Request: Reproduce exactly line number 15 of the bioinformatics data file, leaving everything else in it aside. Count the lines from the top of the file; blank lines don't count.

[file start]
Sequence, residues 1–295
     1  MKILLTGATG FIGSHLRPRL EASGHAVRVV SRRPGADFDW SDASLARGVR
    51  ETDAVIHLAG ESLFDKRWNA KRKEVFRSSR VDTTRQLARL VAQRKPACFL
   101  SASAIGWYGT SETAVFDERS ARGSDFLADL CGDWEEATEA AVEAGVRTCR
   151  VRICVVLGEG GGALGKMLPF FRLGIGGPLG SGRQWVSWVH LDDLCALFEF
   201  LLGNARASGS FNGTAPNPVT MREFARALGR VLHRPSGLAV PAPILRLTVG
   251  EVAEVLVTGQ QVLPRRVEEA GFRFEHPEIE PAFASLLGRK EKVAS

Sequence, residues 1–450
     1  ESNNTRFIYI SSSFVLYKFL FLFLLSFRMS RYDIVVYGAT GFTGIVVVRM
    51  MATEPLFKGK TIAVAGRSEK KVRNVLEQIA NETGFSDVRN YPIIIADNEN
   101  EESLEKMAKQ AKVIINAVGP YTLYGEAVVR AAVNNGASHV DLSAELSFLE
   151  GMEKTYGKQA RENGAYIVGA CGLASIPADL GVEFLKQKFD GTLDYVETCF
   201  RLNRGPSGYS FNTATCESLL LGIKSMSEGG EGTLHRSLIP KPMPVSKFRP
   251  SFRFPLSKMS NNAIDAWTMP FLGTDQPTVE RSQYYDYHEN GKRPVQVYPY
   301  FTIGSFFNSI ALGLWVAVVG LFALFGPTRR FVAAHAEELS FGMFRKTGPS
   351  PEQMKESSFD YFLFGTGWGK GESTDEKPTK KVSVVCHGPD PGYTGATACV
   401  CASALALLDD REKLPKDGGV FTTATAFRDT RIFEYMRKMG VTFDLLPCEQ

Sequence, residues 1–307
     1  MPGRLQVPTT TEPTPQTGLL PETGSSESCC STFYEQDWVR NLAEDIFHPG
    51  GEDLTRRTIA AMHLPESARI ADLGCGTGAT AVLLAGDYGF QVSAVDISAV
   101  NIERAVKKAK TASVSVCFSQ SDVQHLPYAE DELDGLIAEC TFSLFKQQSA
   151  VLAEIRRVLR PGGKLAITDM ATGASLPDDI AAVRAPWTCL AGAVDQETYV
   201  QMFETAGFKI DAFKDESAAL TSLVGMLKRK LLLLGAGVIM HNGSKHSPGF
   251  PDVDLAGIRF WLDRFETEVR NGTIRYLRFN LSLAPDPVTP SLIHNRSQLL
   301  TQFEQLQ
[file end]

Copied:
   301  FTIGSFFNSI ALGLWVAVVG LFALFGPTRR FVAAHAEELS FGMFRKTGPS